A few people in my life have had doubts that homeschooling in my fifth pregnancy/postpartum would be a good idea for my mental health. But I am now more grateful than ever that we decided to pull the kids out of school in September. There’s no doubt in my mind that if I had spent the end of my pregnancy getting my kids up for school every day, dealing with the excessive homework, driving to and from the bus/school, and stewing in my anger and frustrations about that school’s ridiculous policies every day, I would have gone insane. Spending so much time together as a family for the past few months has been so wonderful, and it was the perfect way to nurture our relationships and prepare ourselves to add a fifth baby to the mix.
Also, I can’t even imagine how stressed out I would be right now if I had to do all of that waking up early, driving, and school stress with a newborn baby. My fourth baby screamed the entire commute to and from the school every morning as a newborn. So stressful! Because we’re homeschooling, we are able to avoid screaming car babies and adapt our schedule to allow for extra sleep. Because we’re homeschooling, my kids got to spend their first weeks back in “school” after the holiday break building a “drawbot” and going orienteering with their dad (who was almost the Washington state champion orienteer in high school), playing Spanish games with my mom (who speaks Spanish like a native), and going to fun museums with their Nana (who used to teach elementary school). I’ve also been able to bring my baby to the “classroom” to help the kids make magnetic slime and handmade paper, something many public school teachers wouldn’t allow parent volunteers to do. My kids have never been happier, and no doubt that benefits my own mental health as well.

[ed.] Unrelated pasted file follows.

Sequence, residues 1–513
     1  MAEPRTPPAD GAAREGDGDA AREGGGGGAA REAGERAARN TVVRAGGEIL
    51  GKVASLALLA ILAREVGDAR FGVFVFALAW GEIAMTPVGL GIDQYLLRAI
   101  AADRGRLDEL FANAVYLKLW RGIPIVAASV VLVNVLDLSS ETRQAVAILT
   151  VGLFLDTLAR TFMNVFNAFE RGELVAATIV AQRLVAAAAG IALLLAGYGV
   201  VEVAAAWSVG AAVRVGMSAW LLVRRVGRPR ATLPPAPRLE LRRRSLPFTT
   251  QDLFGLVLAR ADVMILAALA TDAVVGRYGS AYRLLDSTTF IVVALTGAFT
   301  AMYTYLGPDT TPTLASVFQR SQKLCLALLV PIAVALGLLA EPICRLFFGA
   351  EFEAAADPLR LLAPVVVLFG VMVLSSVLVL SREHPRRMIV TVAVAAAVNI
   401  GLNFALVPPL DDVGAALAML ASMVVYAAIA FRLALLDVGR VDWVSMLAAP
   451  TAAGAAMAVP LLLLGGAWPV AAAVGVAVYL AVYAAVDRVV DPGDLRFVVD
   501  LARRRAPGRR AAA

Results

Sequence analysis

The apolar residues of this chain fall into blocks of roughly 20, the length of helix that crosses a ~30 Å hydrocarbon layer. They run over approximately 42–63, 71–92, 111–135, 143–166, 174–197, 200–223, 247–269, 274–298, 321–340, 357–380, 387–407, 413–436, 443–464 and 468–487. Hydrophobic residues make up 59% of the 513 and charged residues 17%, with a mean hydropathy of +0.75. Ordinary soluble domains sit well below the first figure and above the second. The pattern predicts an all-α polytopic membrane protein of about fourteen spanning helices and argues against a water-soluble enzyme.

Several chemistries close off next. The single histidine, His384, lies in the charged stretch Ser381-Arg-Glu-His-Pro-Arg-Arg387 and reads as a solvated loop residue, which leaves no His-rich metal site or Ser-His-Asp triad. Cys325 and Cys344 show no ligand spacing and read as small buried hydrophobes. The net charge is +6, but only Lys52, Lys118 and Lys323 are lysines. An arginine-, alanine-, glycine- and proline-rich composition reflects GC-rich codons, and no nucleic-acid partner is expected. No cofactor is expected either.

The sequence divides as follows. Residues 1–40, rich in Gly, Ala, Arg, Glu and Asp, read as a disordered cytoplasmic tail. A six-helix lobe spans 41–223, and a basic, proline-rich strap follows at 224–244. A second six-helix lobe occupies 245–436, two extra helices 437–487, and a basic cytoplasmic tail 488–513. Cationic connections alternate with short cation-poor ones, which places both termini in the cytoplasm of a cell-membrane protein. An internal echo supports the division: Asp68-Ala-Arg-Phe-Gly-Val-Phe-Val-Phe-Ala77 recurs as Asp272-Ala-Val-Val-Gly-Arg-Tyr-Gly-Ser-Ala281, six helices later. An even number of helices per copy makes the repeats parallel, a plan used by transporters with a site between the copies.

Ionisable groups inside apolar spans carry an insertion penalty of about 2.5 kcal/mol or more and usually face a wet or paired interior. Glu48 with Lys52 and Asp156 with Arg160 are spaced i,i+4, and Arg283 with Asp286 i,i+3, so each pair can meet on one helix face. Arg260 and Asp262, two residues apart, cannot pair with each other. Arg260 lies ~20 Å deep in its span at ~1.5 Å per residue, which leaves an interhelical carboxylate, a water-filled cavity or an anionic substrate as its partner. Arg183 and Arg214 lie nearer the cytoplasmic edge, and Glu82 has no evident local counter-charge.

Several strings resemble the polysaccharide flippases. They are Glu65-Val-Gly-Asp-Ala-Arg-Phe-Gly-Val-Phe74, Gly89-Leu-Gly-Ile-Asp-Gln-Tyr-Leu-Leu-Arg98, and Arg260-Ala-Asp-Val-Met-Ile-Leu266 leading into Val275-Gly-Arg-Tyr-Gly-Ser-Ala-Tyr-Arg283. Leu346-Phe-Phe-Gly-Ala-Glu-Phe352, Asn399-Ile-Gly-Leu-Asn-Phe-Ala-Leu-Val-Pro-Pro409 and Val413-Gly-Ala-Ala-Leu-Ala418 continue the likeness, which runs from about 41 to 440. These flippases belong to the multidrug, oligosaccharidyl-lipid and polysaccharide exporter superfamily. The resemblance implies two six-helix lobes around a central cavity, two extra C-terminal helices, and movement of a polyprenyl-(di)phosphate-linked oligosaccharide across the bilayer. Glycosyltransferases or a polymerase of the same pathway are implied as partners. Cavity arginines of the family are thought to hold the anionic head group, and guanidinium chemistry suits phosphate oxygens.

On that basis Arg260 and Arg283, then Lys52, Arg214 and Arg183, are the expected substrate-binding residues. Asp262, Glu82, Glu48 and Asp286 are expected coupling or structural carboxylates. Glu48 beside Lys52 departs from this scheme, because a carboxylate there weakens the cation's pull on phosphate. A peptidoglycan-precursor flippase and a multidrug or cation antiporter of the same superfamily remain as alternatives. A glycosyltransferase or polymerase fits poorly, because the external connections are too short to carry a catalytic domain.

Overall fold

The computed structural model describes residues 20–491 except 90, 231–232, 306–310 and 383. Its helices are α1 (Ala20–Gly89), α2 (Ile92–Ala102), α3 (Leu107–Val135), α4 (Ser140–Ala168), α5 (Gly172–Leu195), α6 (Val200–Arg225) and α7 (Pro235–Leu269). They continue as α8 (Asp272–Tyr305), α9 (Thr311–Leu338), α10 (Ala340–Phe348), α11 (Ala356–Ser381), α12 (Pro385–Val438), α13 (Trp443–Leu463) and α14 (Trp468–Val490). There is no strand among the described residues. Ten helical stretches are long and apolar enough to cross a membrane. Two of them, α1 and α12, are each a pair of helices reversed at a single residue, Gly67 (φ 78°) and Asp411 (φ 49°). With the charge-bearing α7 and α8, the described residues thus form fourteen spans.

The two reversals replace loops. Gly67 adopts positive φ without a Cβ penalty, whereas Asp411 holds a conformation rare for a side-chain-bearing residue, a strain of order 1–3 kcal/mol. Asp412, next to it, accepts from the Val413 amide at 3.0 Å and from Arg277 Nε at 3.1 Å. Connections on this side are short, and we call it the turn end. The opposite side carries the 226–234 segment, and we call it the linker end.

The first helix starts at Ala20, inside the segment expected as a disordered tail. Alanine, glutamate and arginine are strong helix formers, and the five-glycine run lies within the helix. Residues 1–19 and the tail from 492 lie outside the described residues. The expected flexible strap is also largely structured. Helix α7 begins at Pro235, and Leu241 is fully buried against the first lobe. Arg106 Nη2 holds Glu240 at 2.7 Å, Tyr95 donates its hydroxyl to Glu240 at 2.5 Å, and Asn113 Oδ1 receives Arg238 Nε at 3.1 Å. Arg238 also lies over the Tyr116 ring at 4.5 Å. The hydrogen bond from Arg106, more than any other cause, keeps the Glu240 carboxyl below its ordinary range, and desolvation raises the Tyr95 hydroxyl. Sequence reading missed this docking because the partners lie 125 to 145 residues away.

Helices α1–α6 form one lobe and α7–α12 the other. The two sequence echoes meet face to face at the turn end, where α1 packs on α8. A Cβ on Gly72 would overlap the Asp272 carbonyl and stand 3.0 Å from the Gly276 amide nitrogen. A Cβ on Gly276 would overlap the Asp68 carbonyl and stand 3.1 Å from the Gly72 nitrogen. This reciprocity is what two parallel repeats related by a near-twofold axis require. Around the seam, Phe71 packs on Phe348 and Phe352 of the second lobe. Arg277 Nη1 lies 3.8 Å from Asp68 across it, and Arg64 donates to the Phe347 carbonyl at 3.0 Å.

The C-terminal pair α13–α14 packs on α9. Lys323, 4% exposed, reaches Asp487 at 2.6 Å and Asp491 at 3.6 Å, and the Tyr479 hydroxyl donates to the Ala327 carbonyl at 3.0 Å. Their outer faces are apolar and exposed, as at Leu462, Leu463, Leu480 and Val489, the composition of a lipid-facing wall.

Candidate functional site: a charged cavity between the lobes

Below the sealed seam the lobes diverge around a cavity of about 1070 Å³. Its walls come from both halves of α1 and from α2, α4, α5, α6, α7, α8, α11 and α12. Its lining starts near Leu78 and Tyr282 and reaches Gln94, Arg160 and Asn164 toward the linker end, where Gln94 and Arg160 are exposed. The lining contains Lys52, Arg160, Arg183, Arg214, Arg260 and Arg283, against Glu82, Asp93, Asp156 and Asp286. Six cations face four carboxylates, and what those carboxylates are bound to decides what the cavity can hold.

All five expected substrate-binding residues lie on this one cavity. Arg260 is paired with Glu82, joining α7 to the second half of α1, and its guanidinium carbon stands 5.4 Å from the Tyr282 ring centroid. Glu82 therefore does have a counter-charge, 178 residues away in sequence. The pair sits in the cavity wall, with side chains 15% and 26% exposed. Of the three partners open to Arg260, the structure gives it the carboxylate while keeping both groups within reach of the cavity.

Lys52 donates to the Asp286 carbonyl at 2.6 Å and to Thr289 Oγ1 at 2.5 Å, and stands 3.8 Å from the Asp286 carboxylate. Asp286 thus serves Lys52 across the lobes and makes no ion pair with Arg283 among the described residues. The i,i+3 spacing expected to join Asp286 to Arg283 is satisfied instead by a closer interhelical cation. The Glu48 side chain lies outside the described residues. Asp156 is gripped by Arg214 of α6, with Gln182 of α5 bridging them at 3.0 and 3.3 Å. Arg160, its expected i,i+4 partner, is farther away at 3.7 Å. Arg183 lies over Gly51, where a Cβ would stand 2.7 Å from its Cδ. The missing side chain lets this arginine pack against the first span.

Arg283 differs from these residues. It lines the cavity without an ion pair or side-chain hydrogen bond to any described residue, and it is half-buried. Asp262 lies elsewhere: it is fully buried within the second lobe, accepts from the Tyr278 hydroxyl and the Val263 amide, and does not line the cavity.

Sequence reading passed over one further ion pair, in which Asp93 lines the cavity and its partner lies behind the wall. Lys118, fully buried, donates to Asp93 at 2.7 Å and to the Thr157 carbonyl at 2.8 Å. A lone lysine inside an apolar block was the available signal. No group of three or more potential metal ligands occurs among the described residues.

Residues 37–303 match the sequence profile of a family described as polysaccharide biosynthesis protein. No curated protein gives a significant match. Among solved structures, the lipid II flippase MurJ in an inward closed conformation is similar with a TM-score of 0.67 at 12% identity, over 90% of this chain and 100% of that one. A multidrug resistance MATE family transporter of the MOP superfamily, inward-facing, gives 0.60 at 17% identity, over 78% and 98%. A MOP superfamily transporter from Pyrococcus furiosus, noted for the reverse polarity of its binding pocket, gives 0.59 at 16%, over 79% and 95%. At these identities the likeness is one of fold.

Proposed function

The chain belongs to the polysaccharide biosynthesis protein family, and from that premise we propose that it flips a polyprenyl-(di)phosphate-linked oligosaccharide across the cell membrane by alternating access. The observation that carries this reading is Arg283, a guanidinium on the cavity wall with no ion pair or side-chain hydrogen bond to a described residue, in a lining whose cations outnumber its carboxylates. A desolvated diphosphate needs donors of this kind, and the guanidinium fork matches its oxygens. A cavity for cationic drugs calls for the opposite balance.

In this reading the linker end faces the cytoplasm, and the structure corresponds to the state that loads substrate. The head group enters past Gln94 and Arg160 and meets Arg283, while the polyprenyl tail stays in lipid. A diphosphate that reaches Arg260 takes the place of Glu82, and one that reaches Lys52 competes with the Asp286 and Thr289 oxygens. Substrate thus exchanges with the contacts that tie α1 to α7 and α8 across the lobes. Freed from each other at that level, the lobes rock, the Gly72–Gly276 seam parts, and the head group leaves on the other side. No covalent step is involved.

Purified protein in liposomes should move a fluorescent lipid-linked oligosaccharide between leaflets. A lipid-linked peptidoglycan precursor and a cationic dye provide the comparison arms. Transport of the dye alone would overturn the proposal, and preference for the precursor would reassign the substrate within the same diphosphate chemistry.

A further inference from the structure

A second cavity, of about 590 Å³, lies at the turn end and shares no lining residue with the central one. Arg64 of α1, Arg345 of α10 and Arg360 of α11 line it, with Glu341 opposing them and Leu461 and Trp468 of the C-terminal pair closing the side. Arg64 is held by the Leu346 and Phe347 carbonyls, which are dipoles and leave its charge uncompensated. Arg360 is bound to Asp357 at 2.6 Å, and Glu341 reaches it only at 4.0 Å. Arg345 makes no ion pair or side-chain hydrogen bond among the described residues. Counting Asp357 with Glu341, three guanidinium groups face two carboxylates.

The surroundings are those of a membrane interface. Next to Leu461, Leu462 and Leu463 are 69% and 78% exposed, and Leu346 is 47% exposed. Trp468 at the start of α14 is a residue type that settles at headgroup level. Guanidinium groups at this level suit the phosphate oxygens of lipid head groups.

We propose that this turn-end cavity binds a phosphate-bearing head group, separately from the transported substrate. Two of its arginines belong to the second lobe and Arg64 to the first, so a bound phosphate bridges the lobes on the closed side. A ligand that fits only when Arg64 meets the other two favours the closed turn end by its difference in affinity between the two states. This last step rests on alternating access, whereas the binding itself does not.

Thing #6: The Birds of Hope are Everywhere
Several months ago I created an up-cycled piece of art (I heart Goodwill!) to hang in my bedroom. On it I wrote a quote I love about hope.
Until I decided… er… realized that my baby’s name would be Hope, I wasn’t aware of just how omnipresent hope is. It seems that everywhere I turn now, hope is staring back at me. And when my friends and family find hope somewhere, they can’t resist but send it to me. A sampling of the hope I’ve been gifted with in the past few months…